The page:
Phases & Stages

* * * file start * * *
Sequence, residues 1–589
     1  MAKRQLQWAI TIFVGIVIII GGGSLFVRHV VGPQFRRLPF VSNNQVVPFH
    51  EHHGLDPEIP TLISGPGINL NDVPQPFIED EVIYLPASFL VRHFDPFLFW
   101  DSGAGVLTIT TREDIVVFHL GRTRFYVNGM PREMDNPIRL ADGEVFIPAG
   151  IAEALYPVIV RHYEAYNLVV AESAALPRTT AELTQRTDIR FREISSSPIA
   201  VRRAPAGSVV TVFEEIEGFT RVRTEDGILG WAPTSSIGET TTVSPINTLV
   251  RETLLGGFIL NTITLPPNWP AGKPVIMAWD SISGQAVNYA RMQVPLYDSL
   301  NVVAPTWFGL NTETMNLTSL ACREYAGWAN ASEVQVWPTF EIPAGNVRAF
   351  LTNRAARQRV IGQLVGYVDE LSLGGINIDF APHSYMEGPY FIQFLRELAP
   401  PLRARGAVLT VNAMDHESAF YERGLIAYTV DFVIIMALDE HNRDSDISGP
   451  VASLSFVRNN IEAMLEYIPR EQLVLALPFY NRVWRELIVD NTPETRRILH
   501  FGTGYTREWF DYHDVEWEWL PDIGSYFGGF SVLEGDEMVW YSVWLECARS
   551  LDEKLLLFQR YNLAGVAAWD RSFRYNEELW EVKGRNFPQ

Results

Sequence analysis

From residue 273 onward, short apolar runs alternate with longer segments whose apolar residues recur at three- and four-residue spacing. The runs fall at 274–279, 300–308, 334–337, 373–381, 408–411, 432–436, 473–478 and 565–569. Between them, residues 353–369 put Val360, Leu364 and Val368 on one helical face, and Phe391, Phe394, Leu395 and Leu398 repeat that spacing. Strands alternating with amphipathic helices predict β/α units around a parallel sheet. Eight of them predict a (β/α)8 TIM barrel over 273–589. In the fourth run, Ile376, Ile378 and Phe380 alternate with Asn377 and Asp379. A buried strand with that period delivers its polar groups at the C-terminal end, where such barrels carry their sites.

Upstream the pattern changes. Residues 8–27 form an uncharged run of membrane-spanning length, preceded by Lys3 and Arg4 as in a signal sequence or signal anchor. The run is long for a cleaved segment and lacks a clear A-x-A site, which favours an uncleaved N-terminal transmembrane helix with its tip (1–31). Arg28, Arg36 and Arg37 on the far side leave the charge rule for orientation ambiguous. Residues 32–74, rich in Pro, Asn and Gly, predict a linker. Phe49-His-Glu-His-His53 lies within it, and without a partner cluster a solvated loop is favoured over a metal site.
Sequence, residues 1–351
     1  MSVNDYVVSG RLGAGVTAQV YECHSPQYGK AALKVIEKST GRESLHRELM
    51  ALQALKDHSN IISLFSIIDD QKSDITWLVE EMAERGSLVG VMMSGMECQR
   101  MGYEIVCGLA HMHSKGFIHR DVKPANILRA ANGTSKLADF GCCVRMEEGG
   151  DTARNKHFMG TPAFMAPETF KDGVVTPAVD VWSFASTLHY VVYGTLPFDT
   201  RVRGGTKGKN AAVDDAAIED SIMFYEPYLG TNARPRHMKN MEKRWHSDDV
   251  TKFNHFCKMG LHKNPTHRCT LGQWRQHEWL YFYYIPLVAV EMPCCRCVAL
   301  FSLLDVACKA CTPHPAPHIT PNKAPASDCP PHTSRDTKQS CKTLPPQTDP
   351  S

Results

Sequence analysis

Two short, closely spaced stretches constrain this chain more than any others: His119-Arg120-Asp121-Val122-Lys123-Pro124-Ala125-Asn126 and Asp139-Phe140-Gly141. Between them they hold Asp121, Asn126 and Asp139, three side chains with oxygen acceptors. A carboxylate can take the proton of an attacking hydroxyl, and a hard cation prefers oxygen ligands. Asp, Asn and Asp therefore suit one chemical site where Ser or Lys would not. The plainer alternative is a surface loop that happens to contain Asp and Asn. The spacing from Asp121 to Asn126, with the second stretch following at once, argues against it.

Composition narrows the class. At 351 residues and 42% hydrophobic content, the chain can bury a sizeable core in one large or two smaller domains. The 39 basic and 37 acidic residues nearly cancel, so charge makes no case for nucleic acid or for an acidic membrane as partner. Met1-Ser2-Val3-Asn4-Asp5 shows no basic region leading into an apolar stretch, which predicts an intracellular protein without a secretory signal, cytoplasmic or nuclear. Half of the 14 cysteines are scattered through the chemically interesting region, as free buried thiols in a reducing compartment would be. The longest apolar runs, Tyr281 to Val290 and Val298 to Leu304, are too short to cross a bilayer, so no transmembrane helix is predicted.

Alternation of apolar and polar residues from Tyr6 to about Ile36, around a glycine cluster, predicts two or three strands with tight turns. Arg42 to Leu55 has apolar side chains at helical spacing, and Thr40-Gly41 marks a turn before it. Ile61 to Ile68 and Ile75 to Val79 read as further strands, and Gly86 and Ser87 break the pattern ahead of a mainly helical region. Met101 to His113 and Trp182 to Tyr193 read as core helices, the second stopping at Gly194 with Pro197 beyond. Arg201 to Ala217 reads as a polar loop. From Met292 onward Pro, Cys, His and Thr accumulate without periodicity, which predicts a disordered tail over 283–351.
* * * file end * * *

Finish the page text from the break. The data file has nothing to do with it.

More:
There is an art to being a successful indie rock band. Things have to be in perfect balance: timing, perception, ego. Death Cab for Cutie is a model of that prowess. Justin Mitchell's Drive Well, Sleep Carefully: On the Road With Death Cab for Cutie (Plexifilm) "is simply a story of a band on the road." While it's hard to ignore the backstory of Ben Gibbard & Co. – The O.C. inclusions, the endless touring, the switch from Barsuk to Atlantic – Mitchell splendidly documents the end of last year's lengthy DCFC tour without delving too much into politics. What the DVD offers is 13 full live performances beautifully shot on 16mm film – including Stubb's – in-depth interview snippets, a look at Chris Walla's Seattle Justice for All studios where Nirvana recorded Bleach, and extras out the wazoo. And then there's the labors of love known as independent record labels. Omaha scenesters Jason Kulbel and Rob Walters compiled interviews, extremely raw video footage, and rock paraphernalia into Spend an Evening With Saddle Creek: The First Ten Years of Saddle Creek Records (Plexifilm). About as exciting as you'd expect – how many times can Conor Oberst possibly say "like"? – the doc is for Saddle Creek fans only. For those folks, the extensive sections on Bright Eyes, Cursive, and the Faint frame the story of the little label that could, from dorm room to office. Chock-full of unreleased concert footage, Spend an Evening is lengthy and all-encompassing: Azure Ray, Lullaby for the Working Class, Desaparecidos, the Good Life, Rilo Kiley, etc. On the homefront, San Antonio's Buttercup released a DVD in the last year documenting their Grackle Mundy art exhibit. Goodbye Blue Monday revolves around the idea and fruition of the pop band performing via TVs set in 50-gallon drums. Not quite DCFC, Buttercup is definitely original. And nobody wants to hear "The Sound of Settling" unless Gibbard is singing it.

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